Bottom Line: Patients whose nuclear expression of MAPK rose with the development of CRPC had a significantly shorter median time to death following biochemical relapse (1.40 vs 3.00 years, P=0.0255) as well as reduced disease-specific survival when compared with those whose expression fell or remained unchanged (1.16 vs 2.62 years, P=0.0005).Significant correlations were observed between protein expression of Raf-1 and MAPK with the type 1 receptor tyrosine kinases, Her2 and epidermal growth factor receptor, as well as the transcription factor AP-1 in CRPC tumours.We conclude that the Her2/Raf-1/MAPK/AP-1 axis may promote the development of CRPC, leading to early relapse, and reduced disease-specific survival.

View Article: PubMed Central - PubMed

Affiliation: College of Medical, Veterinary and Life Sciences, Institute of Cancer, McGregor Building, Glasgow Western Infirmary, Glasgow G11 6NT, UK.

ABSTRACT

Background: Recent evidence has implicated the MAP kinase (MAPK) pathway with the development of castrate-resistant prostate cancer (CRPC). We have previously reported gene amplification of critical members of this pathway with the development of castrate-resistant disease. In addition, we have shown that rising Raf-1 expression, with the development of CRPC, influences time to biochemical relapse. We therefore sought to further analyse the role of both Raf-1 and its downstream target MAPK in the molecular pathogenesis of CRPC.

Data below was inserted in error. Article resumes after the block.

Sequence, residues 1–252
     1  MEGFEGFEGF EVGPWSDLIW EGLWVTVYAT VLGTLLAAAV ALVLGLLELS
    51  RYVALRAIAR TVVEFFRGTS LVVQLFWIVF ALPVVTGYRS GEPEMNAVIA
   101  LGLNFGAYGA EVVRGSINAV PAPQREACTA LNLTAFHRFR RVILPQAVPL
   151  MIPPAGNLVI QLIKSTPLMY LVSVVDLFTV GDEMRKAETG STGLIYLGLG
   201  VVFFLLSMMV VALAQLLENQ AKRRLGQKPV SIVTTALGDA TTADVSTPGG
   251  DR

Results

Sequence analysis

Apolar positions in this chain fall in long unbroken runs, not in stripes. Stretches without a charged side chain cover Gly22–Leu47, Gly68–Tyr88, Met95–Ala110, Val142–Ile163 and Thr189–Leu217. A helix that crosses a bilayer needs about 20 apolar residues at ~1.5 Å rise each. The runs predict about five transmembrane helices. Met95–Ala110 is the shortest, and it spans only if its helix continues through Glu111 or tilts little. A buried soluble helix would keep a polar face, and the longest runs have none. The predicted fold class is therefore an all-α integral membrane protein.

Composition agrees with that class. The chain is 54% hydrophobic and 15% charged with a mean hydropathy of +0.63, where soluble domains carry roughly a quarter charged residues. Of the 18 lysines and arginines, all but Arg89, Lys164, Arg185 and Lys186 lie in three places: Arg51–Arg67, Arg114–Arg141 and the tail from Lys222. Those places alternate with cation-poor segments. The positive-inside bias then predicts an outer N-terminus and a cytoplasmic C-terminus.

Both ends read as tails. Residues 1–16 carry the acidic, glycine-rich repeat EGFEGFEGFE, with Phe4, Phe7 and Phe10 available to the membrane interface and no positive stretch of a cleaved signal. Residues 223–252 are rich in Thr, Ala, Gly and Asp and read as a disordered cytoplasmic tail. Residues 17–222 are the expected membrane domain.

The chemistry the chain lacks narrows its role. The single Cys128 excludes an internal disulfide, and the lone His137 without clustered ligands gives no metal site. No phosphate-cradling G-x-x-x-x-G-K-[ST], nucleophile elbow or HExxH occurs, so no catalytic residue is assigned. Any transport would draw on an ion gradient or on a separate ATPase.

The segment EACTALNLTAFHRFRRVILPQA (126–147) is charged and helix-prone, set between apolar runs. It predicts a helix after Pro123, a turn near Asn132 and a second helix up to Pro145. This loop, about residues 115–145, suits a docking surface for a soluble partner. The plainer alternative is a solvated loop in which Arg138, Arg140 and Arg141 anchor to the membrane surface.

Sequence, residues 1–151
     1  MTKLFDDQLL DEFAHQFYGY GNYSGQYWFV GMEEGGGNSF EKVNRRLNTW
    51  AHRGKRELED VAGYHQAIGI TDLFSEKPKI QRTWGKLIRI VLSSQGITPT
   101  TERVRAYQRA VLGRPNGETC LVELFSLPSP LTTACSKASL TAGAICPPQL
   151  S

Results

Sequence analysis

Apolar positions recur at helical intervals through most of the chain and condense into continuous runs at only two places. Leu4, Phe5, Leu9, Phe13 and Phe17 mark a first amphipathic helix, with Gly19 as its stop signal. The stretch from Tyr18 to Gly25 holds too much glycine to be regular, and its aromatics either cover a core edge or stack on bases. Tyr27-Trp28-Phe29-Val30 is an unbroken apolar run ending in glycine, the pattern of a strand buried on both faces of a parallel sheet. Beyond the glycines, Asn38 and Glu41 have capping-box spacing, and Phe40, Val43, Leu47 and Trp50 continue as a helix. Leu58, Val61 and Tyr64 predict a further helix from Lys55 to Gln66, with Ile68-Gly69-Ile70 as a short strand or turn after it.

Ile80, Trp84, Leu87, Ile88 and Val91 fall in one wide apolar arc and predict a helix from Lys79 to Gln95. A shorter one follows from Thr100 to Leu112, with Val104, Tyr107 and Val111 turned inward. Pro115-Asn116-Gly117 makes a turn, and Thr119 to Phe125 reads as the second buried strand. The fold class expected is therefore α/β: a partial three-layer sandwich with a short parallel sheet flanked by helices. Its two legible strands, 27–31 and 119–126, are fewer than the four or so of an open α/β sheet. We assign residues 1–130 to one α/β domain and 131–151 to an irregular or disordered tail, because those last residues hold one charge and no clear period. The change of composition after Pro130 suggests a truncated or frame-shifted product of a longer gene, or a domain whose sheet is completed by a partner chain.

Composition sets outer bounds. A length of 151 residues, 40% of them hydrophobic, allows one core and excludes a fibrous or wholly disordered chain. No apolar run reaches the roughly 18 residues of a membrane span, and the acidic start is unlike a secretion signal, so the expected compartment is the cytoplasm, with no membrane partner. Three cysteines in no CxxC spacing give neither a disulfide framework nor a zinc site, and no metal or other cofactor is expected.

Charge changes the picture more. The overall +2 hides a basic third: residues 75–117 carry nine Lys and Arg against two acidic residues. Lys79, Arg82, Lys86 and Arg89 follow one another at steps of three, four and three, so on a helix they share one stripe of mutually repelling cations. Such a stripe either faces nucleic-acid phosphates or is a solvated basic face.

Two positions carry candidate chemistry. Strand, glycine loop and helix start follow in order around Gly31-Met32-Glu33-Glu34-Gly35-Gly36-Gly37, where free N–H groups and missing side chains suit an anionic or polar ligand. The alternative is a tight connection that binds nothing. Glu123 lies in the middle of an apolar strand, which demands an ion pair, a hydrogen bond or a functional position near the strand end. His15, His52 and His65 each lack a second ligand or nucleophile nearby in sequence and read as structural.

Methods: Protein expression of Raf-1 and MAPK, including their activation status, was analysed using immunohistochemistry in a database of 65 paired tumour specimens obtained before and after the development of CRPC and correlated with other members of the pathway.

Results: Patients whose nuclear expression of MAPK rose with the development of CRPC had a significantly shorter median time to death following biochemical relapse (1.40 vs 3.00 years, P=0.0255) as well as reduced disease-specific survival when compared with those whose expression fell or remained unchanged (1.16 vs 2.62 years, P=0.0005). Significant correlations were observed between protein expression of Raf-1 and MAPK with the type 1 receptor tyrosine kinases, Her2 and epidermal growth factor receptor, as well as the transcription factor AP-1 in CRPC tumours.

Conclusion: We conclude that the Her2/Raf-1/MAPK/AP-1 axis may promote the development of CRPC, leading to early relapse, and reduced disease-specific survival. In addition, members of the pathway may act as novel therapeutic and/or diagnostic targets for prostate cancer.

Show MeSH
Related in: MedlinePlus